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Investigation of the Spectacle

Investigation of the Spectacle

Investigation of the Spectacle

by Douglas Cole

(Friday, April 23rd 4:00 pm-2:00am)

“Our loose lifestyle and even certain amusements considered dubious that have always been enjoyed among our entourage — slipping by night into houses undergoing demolition, hitchhiking nonstop and without destination through Paris during a transportation strike in the name of adding to the confusion, wandering in subterranean catacombs forbidden to the public, etc. — are expressions of a more general sensibility which is no different from that of the dérive.”
—Guy Debord

Part 1

We begin at Machiavelli’s, hearth of autumn, essential rays last falling into the depths of the city. Our mission is not a drunken pub-crawl, per se, but examination of all possibilities, the flesh parade, the Friday night flow of Seattle…show us what you’re made of. But Machiavelli’s is prohibitively crowded with suit shades erect before martinis like flowers with the look of being looked at and faces made to meet faces; hence, artifice and congestion sucking time (waiting for JW as he extricated himself from miasmic forces…I hold no judgments.) I am thinking last night was summer, with beauty quiet sun through the windows, as the space needle shimmers in its future to the west.

From Machiavelli’s we drop into the Baltic room, set-up in progress for urban jungle fusion, where we have a scotch and begin the process by dissecting the work world so as to leave it behind…green succubae and rosy imps, clowns and conservatives, minute hoarders and punctuationists…long live bad spellers, and have another drink. Our destination? Vague notions unspoken in order not to neck-tie our flow…food being partial need and goal…where we find ourselves is where we are welcome. Step out streetwise, and a young woman jumps out of a car to meet a friend, her artificially red hair aglow in the last-light…tarnished mirrors that gaze…yet, who can say this isn’t beautiful?

“What is this dérive, exactly,” JW asks me.

 “Well, it is literally a drift through the landscape aware of what you encounter as psychogeography…a representation of all minds that created and inhabit and shape it as it is, becoming aware of the layers, conscious of your reactions to objects and buildings and the spirits that invest them, letting yourself be drawn, aware of what attracts you or repels you or what prohibits you from moving through a space or what you ignore because of some gravitational pull so strong you’d violate any law or ownership that would otherwise stop you… or something like that.”

Down Pine Street past the new hotel with bronze sculpture shaped like a crumpled piece of paper…beauty? “That’s just the kind of art that leaves me cold,” JW says, “that kind of orange I-beam art…” Henry Moore had been badly imitated, but I’m sure it cost a lot of money. Red Circle on White? Yellow Lines Number 50? Beauty? The abstract doesn’t connect the dots this evening; we want the organic explosion, the sacred truth of old. And JW keeps stopping at stop lights on empty streets while I keep on walking… “Potentially we could get a ticket,” he says.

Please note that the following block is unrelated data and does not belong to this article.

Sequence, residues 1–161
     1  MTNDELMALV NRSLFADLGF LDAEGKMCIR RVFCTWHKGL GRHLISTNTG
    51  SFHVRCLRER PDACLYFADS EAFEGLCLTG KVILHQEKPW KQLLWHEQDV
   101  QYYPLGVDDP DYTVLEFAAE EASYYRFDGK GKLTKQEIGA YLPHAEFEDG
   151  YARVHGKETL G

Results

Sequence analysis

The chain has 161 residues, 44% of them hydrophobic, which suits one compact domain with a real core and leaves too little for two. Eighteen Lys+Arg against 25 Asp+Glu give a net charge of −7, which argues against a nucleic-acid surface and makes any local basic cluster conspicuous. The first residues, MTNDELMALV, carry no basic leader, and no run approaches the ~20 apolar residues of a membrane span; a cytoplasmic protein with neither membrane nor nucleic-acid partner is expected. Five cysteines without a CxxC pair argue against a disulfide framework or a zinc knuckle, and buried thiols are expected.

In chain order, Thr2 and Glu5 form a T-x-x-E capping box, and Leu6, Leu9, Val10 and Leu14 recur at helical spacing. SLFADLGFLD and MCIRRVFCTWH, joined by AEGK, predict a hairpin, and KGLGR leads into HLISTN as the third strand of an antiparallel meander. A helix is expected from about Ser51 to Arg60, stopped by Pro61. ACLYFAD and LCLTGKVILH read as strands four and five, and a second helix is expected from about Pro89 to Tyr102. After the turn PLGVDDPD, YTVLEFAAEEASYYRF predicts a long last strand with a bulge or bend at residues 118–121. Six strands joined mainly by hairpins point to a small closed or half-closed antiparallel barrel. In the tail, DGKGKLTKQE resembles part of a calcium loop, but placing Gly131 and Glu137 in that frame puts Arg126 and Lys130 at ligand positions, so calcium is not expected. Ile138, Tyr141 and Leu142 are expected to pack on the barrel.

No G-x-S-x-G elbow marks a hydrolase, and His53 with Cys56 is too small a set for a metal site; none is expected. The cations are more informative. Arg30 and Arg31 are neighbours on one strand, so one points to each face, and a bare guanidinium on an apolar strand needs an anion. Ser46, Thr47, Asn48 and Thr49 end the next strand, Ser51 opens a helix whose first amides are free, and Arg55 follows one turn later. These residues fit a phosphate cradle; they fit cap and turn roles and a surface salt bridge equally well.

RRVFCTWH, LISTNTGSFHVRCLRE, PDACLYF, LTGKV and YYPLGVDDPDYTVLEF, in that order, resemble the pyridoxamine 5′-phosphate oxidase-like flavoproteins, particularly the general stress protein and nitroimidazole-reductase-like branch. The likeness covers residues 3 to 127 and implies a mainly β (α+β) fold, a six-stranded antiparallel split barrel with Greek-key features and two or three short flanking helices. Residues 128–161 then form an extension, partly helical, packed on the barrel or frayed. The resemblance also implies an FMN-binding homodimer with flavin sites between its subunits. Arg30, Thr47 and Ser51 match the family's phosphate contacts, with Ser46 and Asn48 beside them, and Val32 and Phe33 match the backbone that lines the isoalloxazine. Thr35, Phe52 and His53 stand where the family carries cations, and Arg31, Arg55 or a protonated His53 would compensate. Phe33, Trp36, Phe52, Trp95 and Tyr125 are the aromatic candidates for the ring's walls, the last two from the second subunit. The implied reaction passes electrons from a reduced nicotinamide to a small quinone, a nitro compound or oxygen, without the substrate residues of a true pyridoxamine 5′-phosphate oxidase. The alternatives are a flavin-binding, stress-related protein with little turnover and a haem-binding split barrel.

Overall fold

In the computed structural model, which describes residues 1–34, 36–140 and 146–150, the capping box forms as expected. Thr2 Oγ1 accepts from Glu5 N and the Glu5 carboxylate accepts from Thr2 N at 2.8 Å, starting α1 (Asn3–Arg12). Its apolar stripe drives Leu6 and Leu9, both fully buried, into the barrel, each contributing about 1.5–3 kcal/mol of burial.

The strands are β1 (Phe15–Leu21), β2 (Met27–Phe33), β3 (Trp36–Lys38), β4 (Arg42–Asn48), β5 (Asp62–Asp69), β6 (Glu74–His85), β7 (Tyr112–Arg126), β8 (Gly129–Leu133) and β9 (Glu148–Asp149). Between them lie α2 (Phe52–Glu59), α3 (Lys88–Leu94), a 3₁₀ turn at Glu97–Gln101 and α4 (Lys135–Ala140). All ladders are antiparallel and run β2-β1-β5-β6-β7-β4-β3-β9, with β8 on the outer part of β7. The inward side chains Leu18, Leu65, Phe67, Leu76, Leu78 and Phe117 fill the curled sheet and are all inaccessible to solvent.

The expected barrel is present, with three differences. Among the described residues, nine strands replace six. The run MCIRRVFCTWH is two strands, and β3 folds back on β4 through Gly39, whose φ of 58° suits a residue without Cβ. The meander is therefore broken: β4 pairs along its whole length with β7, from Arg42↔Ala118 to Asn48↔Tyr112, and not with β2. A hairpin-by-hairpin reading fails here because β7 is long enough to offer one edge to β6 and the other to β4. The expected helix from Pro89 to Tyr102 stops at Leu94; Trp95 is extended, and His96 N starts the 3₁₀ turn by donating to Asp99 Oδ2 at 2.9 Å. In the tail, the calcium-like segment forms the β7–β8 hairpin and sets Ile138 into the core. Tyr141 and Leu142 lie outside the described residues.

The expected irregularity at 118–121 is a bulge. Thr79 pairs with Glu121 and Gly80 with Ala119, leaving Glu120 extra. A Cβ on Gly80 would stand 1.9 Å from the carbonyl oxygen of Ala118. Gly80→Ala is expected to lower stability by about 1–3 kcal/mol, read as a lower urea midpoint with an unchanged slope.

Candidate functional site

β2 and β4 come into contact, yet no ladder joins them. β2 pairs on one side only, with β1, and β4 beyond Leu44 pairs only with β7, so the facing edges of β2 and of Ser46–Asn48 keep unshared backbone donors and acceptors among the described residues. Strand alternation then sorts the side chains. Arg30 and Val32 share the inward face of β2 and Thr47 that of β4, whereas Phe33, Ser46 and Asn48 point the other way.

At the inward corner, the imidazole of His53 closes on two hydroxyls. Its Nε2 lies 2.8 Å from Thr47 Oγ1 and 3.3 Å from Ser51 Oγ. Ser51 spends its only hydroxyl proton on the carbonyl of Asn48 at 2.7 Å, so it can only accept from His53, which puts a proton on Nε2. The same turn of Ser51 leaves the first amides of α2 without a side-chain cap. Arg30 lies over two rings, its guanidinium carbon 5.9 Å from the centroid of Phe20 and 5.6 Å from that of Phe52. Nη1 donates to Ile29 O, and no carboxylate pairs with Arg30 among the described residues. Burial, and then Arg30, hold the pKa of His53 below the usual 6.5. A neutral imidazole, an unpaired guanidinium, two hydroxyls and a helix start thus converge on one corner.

“That’s anti- dérive talking,” I say.

We walk through the intersection and see a sheriff’s car across the street, but there’s someone just ahead of us also jaywalking, and I say, “Who do you think will get a ticket?”

Now JW’s in flow, and I have to reign him back on one street where he nearly steps in front of a moving car. He’s done the same for me in the past…we owe each other our lives. And as a woman is cleaning up and shutting down the flower shop on the corner of Pike and First, I step in and ask if she has any Passion Flowers. No, but she gives me a card and tells me to call the manager…he can get anything. I’ve got plans for that Passion Flower.

We slide down Post Alley…food, not yet…another drink first as we slip into the Alibi Room where, I believe, our dérive begins in earnest: the beautiful people as couples and groups at candle-lit tables. The hostess is richly tattooed with Celtic floral patterns on her arms and neck and eyebrows…does she have a Passion Flower? I check her wrists. “Say, do you know the other hostess who used to work here? She had the black lines tattooed on her wrists for good years, red lines for the bad?”

“That’s Adrianne. She still works here.”


“I don’t know if I would want those reminders…” JW says.

We step over to the bar. “Is that a Point Beer shirt?” he asks the waiter (a beer brewed in Wisconsin, not nationally distributed…unusual to see anywhere).

“My ex-girlfriend stole it from a guy and gave it to me,” he says. 

“Was that before or after she was your ex-girlfriend?” JW asks, a completely different dynamic with different implications of generosity and affection.


“Still intimate in larceny,” JW says, then asks me, “So is what you’ve described the essence of dérive as you’ve learned it, or is it your own take?”

“I just make it up as I go.”

“So, what makes this a space people are drawn to?”

We looked around. “It has a view, but not much of one,” JW says. “It has comedic brick walls, it’s pretty small, closed in…”

“It’s remote, obscure, hidden…it provides an element of discovery. Or you have to know about it, like belonging to a secret society. Essentially, it’s grotto chic.”